Napkin Math at Work
I am about four months into my journey at Spring Health and it’s been a great learning experience thus far! Besides learning the ins-and-outs of Rails, a coworker and I have set up a load testing environment and utilized this to bring forth a few notable perf wins. Those stories are worthy of the official Spring Health Engineering Blog… stay tuned!
However, here’s a sneak peak.
Ice hockey is a rather complex sport. Towards the end of my >15 year “career” playing ice hockey, I became a penalty kill specialist; I specialized in ensuring my team did not give up a goal when playing down a man (or two).
keep your head on a swivel
Knowing where everyone was in relation to the player with the puck, or keeping your head on a swivel, while deducing the opposing team’s system (Brad on defense, the middle of the umbrella powerplay system, always turns up the shot while Pete, the top goal scorer, keeps trying to sneak back door) required a great sense of situational awareness.
At risk of sounding cheesy, I’ve found killing penalties fairly analogous to developing a performance engineering mindset. Both require proper observability practices (head on a swivel… or Datadog). Both require an understanding of what’s typical (Brad never shoots… customers traffic load follows the business day). Both require a mental model of the system (three man high umbrella… frontend react, backend a combination of queues, databases, servers, etc.). And finally, both require some basic stats (on the penalty kill we will always be outnumbered… 5 million requests taking 100ms across 10 containers, etc., etc., etc.).
Some Basic Stats
Yes, basic with a capital B. Basic stats and napkin math go a long way. Unconvinced? Consider the following…
Let’s say a company expects to process 100 million records next week. Since this is a fairly expensive job, they do it in batched tasks using separate resources from their production environment. You observe that, as is, the processing takes so long that it will still be in progress as the next batch of records come the following week.
Let’s add some more context.
100 million records 1 task/container at a time 100 records/task 4 containers (4 cores each) 400ms per processing per record
Thus, we can quickly guestimate how long processing currently takes.
1 million tasks = 100 million records / 100 batch size 250,000 concurrently executing tasks = 1 million / 4 containers 40 sec = 400ms * 100 batch size 10,000,000 sec = 40 sec/task * 250,000 tasks ~16.5 weeks = 10,000,000 sec / (60 * 60 * 24 * 7)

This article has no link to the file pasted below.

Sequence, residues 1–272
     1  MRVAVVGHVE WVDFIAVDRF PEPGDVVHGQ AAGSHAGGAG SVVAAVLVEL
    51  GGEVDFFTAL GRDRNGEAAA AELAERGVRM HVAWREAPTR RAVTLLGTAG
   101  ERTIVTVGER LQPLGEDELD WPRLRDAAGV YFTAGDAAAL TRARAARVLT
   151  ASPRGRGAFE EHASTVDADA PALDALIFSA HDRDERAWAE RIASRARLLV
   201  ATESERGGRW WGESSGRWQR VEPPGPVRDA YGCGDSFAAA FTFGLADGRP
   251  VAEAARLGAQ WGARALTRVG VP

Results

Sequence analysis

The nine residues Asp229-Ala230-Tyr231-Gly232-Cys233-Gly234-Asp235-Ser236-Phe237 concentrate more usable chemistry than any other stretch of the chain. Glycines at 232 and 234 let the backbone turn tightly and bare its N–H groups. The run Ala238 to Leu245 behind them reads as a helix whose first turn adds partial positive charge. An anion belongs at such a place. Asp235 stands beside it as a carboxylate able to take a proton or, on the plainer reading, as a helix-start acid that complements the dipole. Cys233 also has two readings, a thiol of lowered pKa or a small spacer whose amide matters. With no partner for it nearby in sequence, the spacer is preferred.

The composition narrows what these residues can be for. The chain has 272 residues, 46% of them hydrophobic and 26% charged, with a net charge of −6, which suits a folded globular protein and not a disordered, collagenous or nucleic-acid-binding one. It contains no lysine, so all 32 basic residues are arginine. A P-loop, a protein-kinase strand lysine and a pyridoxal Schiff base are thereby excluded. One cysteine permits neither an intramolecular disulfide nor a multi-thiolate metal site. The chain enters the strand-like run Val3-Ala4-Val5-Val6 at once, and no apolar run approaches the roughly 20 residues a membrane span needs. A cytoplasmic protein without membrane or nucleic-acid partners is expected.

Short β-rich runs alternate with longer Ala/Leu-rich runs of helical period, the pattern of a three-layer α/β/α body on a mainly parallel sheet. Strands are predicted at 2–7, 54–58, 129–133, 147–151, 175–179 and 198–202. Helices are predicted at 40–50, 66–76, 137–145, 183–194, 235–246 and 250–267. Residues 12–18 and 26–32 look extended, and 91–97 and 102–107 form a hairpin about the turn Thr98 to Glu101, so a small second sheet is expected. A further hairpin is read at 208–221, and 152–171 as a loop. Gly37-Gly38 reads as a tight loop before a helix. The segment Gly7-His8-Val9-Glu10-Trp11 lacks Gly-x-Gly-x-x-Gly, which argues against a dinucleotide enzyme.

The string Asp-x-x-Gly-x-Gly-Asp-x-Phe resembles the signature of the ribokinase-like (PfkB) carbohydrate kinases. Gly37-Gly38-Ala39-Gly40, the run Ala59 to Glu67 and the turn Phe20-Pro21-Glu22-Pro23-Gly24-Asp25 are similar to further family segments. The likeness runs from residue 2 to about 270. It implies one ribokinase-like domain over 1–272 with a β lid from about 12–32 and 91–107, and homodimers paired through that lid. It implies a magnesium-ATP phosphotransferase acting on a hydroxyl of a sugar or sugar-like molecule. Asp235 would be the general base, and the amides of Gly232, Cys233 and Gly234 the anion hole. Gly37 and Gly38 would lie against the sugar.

Putting on your thinking cap, you dig in to the data your APM presents and discover the following:
- each separate record spends 175ms of processing time encrypting unused data
- during processing, we batch 100 records at a time into a task, where each container can only execute one task at a time and each task is not that computationally expensive
Is it worth the time to implement the possible changes we discovered above?
Since we don’t need to encrypt the useless data, let’s cut that (and on a closer look, we actually encrypt two useless fields, so let’s cut both of those!!). The time to process a single record is now only 50ms! Furthermore, since each task is independent and computationally cheap, let’s reconfigure our cloud cpu resources to 16 containers, 1 core each.
With this, let’s redo our math.
1 million tasks = 100 million / 100 batch size 62,500 concurrently executing tasks = 1 million / 16 containers 50 sec = 50ms * 100 batch size 312,000 sec = 5 sec/task * 62,500 tasks ~0.5 weeks = 312,500 sec / (60 * 60 * 24 * 7)
Not only do these minimal changes sound trivial to implement, it’s clearly worth our time. With just a bit of research and kindergarten level mathematics, we’ve made a broken process much cheaper, efficient, and bottomline… feasible.
Napkin math is an art - it requires knowing what’s important and what you can gloss over. Used effectively, it’s a great tool for determining potential performance wins, ballparking future server traffic load, and quickly checking someone else’s numbers. For me, it’s be helpful in justifying how I spend my free cycles at Spring; it’s a very quick way to determine the biggest bang for your buck!